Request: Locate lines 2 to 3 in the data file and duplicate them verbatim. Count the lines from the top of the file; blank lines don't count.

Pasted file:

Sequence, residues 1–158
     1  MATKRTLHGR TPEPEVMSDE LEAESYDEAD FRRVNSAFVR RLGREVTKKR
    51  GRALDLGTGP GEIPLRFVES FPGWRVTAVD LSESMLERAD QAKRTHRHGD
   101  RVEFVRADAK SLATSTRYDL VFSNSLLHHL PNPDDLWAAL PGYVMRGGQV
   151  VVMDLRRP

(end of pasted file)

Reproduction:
     1  MATKRTLHGR TPEPEVMSDE LEAESYDEAD FRRVNSAFVR RLGREVTKKR
    51  GRALDLGTGP GEIPLRFVES FPGWRVTAVD LSESMLERAD QAKRTHRHGD